Tuesday, October 15, 2013

Coca-Cola Santa Claus Christmas Aluminum Bottle France 2013




Santa Claus is back!


This year Santa will take the place of polar bears to dress the new bottle collector in France. This legendary man is wearing his famous red coat with a bottle of Coca-Cola in hand. Its release is scheduled in mid-November in supermarkets.

Since the 30's, Coca-Cola was able popularized Santa Claus thanks to its advertisements. For this, the brand has decided to honor him by giving her a place in Grevin museum! 
Yes, in addition to the cover of the new aluminum bottle, Father Christmas will have its place among the wax figures. It will be shown again with a bottle of Coca-Cola in hand.





















Les vitrines de Noël Coca-Cola 2013


For the Christmas tour Coca-Cola 2013 Christmas windows are back in 5 major cities of France. November 22 to December 24, 2013, traveling showcases unveil 4 animated and interactive showcases the heart of a forest, populated by trees and bright animals. 

After enchanted young and old with the famous train Christmas, Coca Cola is going on tour to five major French cities to offer as last year's Christmas windows of traveling. Polar bears and elves will accompany this edition that will enchant children again. 

If last year, Santa had boarded his studio and home for them to all, this year, he comes closer look at the Christmas preparations and ensure that everything will be ready in time for receive. 
Showcase # 1: The Advent Calendar 
Wait for children, the advent calendar was invented. An idea that Santa loves so much that he has taken to decorate his first window. In a beautiful snowy house, 24 windows open and close on small animated skits, embodying some good deeds to perform until D-Day: read a Christmas story, make a cake, petting your dog or cat , put the star on top of the tree, wrap a gift ... 

Showcase # 2: In the living room 
The visitor is transported in a warm and cozy living room, the colors of Christmas. Small polar bears are active for the final touches to the decorations: add balls or tinsel on the Christmas tree, knitting a sock last, make stencils for windows ... Other, more naughty, fun all around. In this window, the small loops can play to rekindle the fire in the fireplace or shine Star Tree Topper. 
Showcase # 3: A festive table 
Christmas is a symbol of family reunion around a beautiful table. Polar bears are in turmoil to prepare a feast and receive their loved ones. A unique moment of conviviality, which children can participate in helping the Bears to light the candles. 
Showcases No. 4: head full of dreams 
Finally, everything is ready to welcome Santa. In the room, floating gifts in pretty bubbles. Front of the window, a leprechaun with a touch pad is ready to take pictures of the children who would pose with Santa. Printed on site, and then posted on the facebook account of the visitor or mailed, it will be a great memory of that day. A showcase that also wants a wink tender look at all the dreams of children of Little Princes, which Coca-Cola participates every year. 
Note that a guide with recipes, hints and tips will be distributed on the tour. Children can learn to create beautiful decorations and discover songs to enliven the eve and stories to lull the full head images.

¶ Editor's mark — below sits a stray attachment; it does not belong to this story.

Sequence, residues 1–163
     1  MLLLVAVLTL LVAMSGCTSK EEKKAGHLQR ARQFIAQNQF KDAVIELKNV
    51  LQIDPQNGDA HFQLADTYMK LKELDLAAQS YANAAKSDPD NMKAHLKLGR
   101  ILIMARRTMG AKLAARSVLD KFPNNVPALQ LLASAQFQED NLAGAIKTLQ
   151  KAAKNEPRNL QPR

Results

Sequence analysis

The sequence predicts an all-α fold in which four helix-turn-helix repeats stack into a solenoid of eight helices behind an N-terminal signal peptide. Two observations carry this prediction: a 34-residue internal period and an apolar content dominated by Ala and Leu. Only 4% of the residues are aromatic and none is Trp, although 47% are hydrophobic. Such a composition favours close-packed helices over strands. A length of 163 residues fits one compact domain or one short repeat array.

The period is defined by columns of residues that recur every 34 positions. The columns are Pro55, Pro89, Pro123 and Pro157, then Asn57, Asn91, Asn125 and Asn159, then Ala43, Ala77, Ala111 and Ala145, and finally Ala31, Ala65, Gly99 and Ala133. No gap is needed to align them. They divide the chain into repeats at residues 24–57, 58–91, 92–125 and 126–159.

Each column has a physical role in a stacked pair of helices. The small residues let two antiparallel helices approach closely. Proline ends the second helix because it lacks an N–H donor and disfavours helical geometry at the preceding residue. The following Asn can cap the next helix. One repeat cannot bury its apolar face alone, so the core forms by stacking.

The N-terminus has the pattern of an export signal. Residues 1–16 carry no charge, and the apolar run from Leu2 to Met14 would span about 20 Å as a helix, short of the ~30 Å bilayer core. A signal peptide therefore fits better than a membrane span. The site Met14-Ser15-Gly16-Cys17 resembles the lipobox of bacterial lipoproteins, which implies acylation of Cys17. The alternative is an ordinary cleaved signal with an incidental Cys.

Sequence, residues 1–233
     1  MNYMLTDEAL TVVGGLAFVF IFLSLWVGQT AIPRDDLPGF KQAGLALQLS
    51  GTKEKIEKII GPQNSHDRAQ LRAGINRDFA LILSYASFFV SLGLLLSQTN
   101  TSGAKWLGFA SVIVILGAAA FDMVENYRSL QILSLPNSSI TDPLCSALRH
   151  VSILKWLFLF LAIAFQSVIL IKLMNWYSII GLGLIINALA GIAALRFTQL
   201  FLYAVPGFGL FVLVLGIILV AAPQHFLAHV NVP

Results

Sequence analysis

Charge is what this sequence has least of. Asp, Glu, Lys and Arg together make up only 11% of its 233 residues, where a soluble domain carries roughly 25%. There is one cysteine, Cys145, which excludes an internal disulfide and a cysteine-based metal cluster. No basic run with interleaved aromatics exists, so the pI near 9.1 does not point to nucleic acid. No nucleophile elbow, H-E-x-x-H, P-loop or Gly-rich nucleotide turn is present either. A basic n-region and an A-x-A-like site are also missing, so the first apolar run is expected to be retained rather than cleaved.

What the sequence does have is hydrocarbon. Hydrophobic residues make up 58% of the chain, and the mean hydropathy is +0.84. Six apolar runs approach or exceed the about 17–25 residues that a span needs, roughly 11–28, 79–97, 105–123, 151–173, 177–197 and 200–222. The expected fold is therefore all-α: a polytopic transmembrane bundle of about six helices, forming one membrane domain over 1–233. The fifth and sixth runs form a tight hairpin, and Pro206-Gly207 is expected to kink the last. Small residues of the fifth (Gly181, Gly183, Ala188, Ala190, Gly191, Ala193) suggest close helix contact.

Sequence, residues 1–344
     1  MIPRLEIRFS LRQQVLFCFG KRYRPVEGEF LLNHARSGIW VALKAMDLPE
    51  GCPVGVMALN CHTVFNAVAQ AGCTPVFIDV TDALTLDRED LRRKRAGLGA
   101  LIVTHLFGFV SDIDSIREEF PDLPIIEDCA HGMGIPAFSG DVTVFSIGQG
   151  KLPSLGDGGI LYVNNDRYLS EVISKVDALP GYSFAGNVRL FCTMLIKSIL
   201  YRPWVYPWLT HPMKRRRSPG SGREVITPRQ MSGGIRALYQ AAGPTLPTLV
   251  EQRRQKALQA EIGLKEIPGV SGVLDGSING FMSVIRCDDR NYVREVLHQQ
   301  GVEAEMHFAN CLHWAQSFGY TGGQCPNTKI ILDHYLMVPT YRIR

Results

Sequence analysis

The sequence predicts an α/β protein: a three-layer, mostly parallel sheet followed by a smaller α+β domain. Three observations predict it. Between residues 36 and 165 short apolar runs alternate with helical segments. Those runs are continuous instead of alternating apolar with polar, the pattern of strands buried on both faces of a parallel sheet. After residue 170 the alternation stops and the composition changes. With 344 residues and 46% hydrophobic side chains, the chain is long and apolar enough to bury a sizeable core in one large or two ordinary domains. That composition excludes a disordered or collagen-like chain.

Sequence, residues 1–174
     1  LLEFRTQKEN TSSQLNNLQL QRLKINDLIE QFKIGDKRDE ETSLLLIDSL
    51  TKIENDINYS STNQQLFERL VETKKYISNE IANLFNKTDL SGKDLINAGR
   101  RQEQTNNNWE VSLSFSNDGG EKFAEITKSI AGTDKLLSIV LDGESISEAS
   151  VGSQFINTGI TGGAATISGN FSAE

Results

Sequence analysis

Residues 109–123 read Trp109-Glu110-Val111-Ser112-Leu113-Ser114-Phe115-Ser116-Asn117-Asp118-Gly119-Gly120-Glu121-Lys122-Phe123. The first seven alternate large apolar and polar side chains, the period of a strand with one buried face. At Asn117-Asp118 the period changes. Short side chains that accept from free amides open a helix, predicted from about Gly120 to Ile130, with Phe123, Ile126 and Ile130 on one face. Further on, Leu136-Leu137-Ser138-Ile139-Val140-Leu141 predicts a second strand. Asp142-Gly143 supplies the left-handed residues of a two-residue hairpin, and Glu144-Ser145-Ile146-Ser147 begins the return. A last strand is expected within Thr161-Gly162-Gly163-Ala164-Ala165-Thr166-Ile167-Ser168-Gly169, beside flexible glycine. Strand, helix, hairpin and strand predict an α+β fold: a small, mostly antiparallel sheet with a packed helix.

The tourdates Coca-Cola 2013: 
Toulouse: from November 22 to 23, Place de L'Europe from 12h to 19h 
Bordeaux: From November 27 to November 28, address future 
November 30 to December 1, Place de la Victoire de 12h to 19h 
Nantes: December 4th, address future 
Mulhouse: from December 11 to 15, Brittany Place from 12am to 19h (pending confirmation) 
Paris region: December 18, address to confirm 
Paris: from December 20 to 23, before the Pompidou Centre - Triangle Piazza 12:30 p.m. to 7:30 p.m. 
December 24, ditto from 11h to 18h 
Like every year, Christmas is all about sharing. This year, for the 7th consecutive year, Coca-Cola joins Petits Princes who gives life to the dreams of children and adolescent patients. Sales Package collector of Coca-Cola bottle it will be fully repaid.



Santa Claus is coming to town
The History of Coca-Cola and The Beloved Christmas Icon

Most people can agree on what Santa Claus looks like - jolly, with a red suit and a white beard. But he didn’t always look that way, as Coca‑Cola advertising actually helped shape this modern day image of Santa.
In 1931, artist Haddon Sundblom created magazine ads for Coca‑Cola inspired by Clement Clark Moore's 1822 poem 'The night before Christmas', featuring St Nicholas as a kind, jovial man in a red suit. However, up until then images of Santa Claus had varied throughout different regions and cultures. Some portrayals even presented him as an elf-like, spooky or scary chatacter - far from the merry old man we know today.
Because magazines were so widely viewed, and because Sundblom's portrayal of him appeared for more than three decades, the image of Santa most people have today is largely based on Coca‑Cola advertising.






From 1931 to 1964, Coca‑Cola advertising showed Santa on his rounds, pausing to read a letter and enjoy a Coke, and raiding the fridges at a number of homes.
The original oil paintings Sundblom created over 33 years were adapted for Coca‑Cola advertising in magazines, store displays, billboards, posters, calendars and even plush dolls. Many of those items are popular collectibles today
Sundblom painted Santa using a live model - his friend, Lou Prentiss, a retired salesman. When Prentiss passed away, the artist used himself as a model, painting while looking into a mirror. After the 1930s, he used photographs to create the image of St Nick.